I felt like I had to split this game up into offline and online ratings, since Blizzard goes out of their way to make them different. The offline campaign is far more varied than simply skirmishing with the computer. There is a central story (which I will examine later), requirements, and limitations placed on you in the campaign mode. The offline mode does an excellent job of highlighting the differences between the four races in Warcraft III. You start the game in a brief tutorial campaign as the orcs, then you must play as the humans, undead, orcs, and nightelves, in that order. Each campaign is divided into missions, and each mission has specific objectives and limitations aside from "clobber the enemy with everything you have." The earlier missions in each campaign force you to use a very limited number of different types of units, and really helps to serve as an introduction to each and every individual unit. In fact, as the missions allow you to use new units, the words "New Unit Available" will pop up on the screen with a brief description. As you go through the campaign, you will be given heroes. Each hero earns experience to level up, and earns stats and spells as they level up. They all have mana and inventories, just as if this were an RPG game, and they keep their experience, spells, and items as you go from one mission to the next. This helps you get very familiar with the hero characters, their spells, and the items they can obtain. Since you keep the same heroes and have the same types of units available to you as you complete the campaign, the campaign almost feels like an RPG. The campaign mode definitely delivers some of the best the game has to offer, as it also gives the player more strategic decisions than the online game by imposing conditions and unique objectives on them. For example, in one of the undead missions you have to defend a character for 30 minutes. This leads to completely different gameplay than the standard attack each other games. Other campaign missions will require your hero to go through maze-like levels with only a small number of supporting units, once again completely different from the online style of gameplay. For those that like the online gameplay, though, there is a very advanced skirmish mode in addition to the campaign mode. In the skirmish mode, the computer has three difficulty settings, labeled Hard, Normal, and Easy. More accurate descriptions would be Insane, Difficult, and Idiot. The computer, as you can imagine, has advanced micromanaging skills, and it takes full advantage of them on Normal and Hard difficulty settings. This is excellent practice for the online portion of the game, and enjoyable in its own right (though I still think the campaign is far better).
I thought I would put the story rating right after the offline rating since they are connected. The story is an intriguing fantasy tale that relates all races to each other, and manages to get the player to have a true interest in each race. The heroes of each race are all a part of the story, though some of them have far smaller parts than others. The story is brought along by introductions to each of the missions, by the missions themselves, and by outstanding cinematics at the end of each races campaign. You will find that you really want to know what happens next in this fantasy world, and the story will keep you playing the game to find out.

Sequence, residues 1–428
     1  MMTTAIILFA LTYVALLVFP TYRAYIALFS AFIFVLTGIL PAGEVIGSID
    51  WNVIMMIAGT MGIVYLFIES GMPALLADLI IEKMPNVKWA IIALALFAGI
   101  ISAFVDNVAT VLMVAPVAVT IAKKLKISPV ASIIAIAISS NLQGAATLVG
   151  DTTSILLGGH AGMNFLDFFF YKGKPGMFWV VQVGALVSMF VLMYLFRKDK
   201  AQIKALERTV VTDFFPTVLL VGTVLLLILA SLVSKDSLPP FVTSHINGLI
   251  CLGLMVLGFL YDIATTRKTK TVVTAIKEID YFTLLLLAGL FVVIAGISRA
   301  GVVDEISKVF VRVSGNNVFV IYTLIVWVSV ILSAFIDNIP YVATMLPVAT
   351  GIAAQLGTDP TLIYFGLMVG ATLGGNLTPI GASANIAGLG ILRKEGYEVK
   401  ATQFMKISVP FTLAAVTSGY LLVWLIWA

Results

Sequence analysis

The free online gameplay through battle.net is excellent. Players can chat, play custom games, play warcraft III mods, play with a party of friends, and be instantly matched with somebody of somewhat similar skill level in one on one, two on two, three on three, four on four, or free for all battles. There is clan support, friends support, and full stats recorded. Players are given experience based on their stats, and given a level based on their experience. As players gain levels, they are matched with higher level players, and get new icons to put next to their name in the chatrooms. The game ranks the players based on experience in ladders that can be viewed at www.battle.net. The games are usually completely lag free, even on dialup. Unfortunately, I have seen problems where Battle.net has recorded a loss when the other player disconnected, but this is a minor blemish on an otherwise very successful system. There is an impressive mod community, playing user made maps (which are the equivelant of mods in Warcraft III, as the entire game can be altered) at all times. The online offering from Warcraft III is large and well implemented. Please note that since the Frozen Throne expansion pack was released, the majority of Warcraft III players have moved to that, leaving around 10,000 players playing around 400 games at most times on Warcraft III: Reign of Chaos.
All over all, Warcraft III offers a well rounded, rock solid gameplay experience. From playing online, to advancing the campaign, you will have fun with this game. A recommended buy, preferably along with it's expansion, the Frozen Throne.
Reviewer's Score: 9/10 | Originally Posted: 08/09/06